# Non-normal data, non-parametric tests for normality, and determination of statistical parameters

#### David E.S.

##### New Member
Hi,

I have a database with more than 50000 observations. I have applied non-parametric tests to determine the normality of the data but in any case p<0.05, rejecting the null hypothesis of normality (in many cases, graphically, the histograms appear to follow a bimodal distribution). However, to elaborate a table, I don't know if it would be better to determine mean and standard deviation or median and median absolute deviation, since following the Central Limit Theorem (CLT), when the sample is large enough, it can approximate a normal distribution.

Furthermore, for the determination of normality by means of statistical contrasts, since the Shapiro-Wilk test cannot be used due to the large number of observations, would it be better to use the Kolmogorov-Smirnov test or the Anderson-Darling test?

Thanks,

David

#### hlsmith

##### Less is more. Stay pure. Stay poor.
You need to understand the data generating process. There seems to be two underlying distributions, such as weights of male and female lions. If you don't stratify you end up with a bimodal distribution. Figure out your underlying distributions and the issue can be resolved.

#### David E.S.

##### New Member
You're right, I have decomposed this histogram of temperatures by seasons (the figure I posted shows the distribution of the annual values of temperature). The problem is that I have to determine mean and sd or median and median absolute deviation for this histogram, and I don't know which will be the best option since the CLT affirms that I can assume the normal distribution...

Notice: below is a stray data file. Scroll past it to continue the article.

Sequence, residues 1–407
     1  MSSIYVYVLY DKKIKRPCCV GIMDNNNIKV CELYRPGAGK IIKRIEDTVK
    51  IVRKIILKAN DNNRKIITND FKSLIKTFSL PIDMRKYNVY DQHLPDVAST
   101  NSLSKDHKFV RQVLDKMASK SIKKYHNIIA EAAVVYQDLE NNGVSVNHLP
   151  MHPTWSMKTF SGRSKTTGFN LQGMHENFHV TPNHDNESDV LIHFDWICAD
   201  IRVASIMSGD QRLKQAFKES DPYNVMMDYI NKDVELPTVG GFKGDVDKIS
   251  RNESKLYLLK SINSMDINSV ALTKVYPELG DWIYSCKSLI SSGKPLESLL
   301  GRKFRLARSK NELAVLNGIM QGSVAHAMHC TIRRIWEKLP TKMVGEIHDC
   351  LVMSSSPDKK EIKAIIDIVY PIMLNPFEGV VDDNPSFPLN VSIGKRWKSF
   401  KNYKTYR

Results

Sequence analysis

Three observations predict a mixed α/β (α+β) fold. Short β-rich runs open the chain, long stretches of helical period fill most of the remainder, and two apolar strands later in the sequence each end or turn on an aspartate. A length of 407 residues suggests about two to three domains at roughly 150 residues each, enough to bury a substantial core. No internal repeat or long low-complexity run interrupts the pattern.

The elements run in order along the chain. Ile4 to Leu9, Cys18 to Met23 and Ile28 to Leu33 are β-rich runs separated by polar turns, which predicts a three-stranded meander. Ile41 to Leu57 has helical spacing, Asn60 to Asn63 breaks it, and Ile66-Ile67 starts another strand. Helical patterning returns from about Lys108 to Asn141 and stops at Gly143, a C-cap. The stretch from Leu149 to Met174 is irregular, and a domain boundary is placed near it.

#### Karabiner

##### TS Contributor
I have to determine mean and sd or median and median absolute deviation for this histogram,
So where's the problem? You can calculate such parammeters regardless of the distribution.
and I don't know which will be the best option since the CLT affirms that I can assume the normal distribution...
You cannot assume normal distribution of data if the data are not normally distributed.
The CLT has nothing to do with this. The CLT tells you that for example sample means are
normally distributed if sample size is large enough. But may that is what you wanted to say.

With kind regards

Karabiner

#### hlsmith

##### Less is more. Stay pure. Stay poor.
@David E.S. why do you "have to" calculate these if they are not informative of the data. If I reviewed these estimates without a visualization of data, I would be totally misled about the data distribution.

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#### noetsi

##### No cake for spunky
QQ plots are better ways to look at distribution anyhow. The test rarely work, or are heavily criticized in any case.